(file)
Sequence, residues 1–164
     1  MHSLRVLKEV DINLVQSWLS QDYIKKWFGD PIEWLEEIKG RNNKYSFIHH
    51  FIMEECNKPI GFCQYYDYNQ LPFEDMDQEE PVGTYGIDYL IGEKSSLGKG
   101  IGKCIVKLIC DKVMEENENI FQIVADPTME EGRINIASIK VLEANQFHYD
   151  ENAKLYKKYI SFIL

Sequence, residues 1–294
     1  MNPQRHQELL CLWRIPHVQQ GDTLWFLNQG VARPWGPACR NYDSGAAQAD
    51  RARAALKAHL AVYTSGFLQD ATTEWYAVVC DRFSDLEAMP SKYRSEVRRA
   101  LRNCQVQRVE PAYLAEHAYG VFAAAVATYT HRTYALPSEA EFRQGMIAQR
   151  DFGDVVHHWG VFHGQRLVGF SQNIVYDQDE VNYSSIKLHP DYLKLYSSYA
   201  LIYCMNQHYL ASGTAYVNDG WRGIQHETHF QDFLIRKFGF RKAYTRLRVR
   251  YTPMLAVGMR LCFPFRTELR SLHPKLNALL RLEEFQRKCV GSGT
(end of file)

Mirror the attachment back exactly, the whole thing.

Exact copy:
Sequence, residues 1–164
     1  MHSLRVLKEV DINLVQSWLS QDYIKKWFGD PIEWLEEIKG RNNKYSFIHH
    51  FIMEECNKPI GFCQYYDYNQ LPFEDMDQEE PVGTYGIDYL IGEKSSLGKG
   101  IGKCIVKLIC DKVMEENENI FQIVADPTME EGRINIASIK VLEANQFHYD
   151  ENAKLYKKYI SFIL

Sequence, residues 1–294
     1  MNPQRHQELL CLWRIPHVQQ GDTLWFLNQG VARPWGPACR NYDSGAAQAD
    51  RARAALKAHL AVYTSGFLQD ATTEWYAVVC DRFSDLEAMP SKYRSEVRRA
   101  LRNCQVQRVE PAYLAEHAYG VFAAAVATYT HRTYALPSEA EFRQGMIAQR
   151  DFGDVVHHWG VFHGQRLVGF SQNIVYDQDE VNYSSIKLHP DYLKLYSSYA
   201  LIYCMNQHYL ASGTAYVNDG WRGIQHETHF QDFLIRKFGF RKAYTRLRVR
   251  YTPMLAVGMR LCFPFRTELR SLHPKLNALL RLEEFQRKCV GSGT